Cover image for American voudou : journey into a hidden world
American voudou : journey into a hidden world
Davis, Rod, 1946-
Personal Author:
First edition.
Publication Information:
Denton, Tex. : University of North Texas Press, 1998.
Physical Description:
xvii, 392 pages : illustrations ; 24 cm
Reading Level:
1070 Lexile.
Format :


Call Number
Material Type
Home Location
Item Holds
BL2490 .D37 1998 Adult Non-Fiction Non-Fiction Area
BL2490 .D37 1998 Adult Non-Fiction Central Closed Stacks-Non circulating

On Order



Voudou (an older spelling of voodoo)--a pantheistic belief system developed in West Africa and transported to the Americas during the diaspora of the slave trade--is the generic term for a number of similar African religions which mutated in the Americas, including santeria, candomble, macumbe, obeah, Shango Baptist, etc.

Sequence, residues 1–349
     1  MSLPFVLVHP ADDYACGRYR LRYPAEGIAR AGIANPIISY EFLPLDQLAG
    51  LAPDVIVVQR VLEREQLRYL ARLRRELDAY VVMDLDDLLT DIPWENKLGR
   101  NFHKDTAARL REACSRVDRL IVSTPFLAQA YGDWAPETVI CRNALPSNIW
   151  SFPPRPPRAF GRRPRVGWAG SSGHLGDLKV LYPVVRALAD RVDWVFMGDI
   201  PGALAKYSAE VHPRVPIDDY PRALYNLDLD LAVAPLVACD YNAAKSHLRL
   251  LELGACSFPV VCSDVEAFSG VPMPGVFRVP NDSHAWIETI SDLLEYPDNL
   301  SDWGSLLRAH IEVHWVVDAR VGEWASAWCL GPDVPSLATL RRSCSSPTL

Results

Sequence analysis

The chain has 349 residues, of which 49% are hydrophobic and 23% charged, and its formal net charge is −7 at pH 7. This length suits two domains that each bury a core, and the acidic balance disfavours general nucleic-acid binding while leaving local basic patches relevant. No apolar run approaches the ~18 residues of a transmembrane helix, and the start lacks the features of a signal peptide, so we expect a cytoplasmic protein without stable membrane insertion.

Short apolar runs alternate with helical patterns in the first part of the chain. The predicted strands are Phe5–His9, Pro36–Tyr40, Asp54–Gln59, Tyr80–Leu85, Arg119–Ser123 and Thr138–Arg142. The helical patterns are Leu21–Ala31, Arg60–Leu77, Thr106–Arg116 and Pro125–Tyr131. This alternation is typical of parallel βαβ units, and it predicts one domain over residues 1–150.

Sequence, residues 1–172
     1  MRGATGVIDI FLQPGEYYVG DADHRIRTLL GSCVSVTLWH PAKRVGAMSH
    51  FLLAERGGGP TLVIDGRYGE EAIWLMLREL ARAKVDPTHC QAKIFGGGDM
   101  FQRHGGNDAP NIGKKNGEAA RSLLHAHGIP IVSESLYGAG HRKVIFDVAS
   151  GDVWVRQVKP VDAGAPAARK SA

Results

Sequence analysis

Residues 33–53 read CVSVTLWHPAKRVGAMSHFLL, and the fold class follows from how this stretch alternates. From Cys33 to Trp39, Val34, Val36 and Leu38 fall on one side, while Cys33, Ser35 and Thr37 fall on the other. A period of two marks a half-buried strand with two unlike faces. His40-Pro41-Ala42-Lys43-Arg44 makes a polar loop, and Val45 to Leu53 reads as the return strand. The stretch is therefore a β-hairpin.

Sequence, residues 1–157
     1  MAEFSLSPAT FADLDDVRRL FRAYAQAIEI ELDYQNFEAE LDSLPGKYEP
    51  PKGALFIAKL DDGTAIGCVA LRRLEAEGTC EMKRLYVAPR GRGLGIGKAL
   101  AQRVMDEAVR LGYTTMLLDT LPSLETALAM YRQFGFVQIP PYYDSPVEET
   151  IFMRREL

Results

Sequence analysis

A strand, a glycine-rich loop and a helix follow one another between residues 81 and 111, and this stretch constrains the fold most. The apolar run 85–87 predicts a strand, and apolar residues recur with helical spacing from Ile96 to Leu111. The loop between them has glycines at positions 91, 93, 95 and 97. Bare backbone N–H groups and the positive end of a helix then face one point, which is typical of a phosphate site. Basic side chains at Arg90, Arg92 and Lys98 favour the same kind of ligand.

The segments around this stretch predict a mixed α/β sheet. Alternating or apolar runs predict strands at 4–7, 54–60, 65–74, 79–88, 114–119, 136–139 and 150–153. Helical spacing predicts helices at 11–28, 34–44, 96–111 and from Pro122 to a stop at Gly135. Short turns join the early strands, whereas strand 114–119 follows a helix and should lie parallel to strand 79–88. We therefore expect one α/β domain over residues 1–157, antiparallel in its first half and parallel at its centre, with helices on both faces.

Since its violent introduction in the Caribbean islands, it has been the least understood and most feared religion of the New World--suppressed, outlawed or ridiculed from Haiti to Hattiesburg. Yet with the exception of Zora Neale Hurston's accounts more than a half-century ago and a smattering of lurid, often racist paperbacks, studies of this potent West African theology have focused almost exclusively on Haiti, Cuba and the Caribbean basin. American Voudou turns our gaze back to American shores, principally towards the South, the most important and enduring stronghold of the voudou faith in America and site of its historic yet rarely recounted war with Christianity.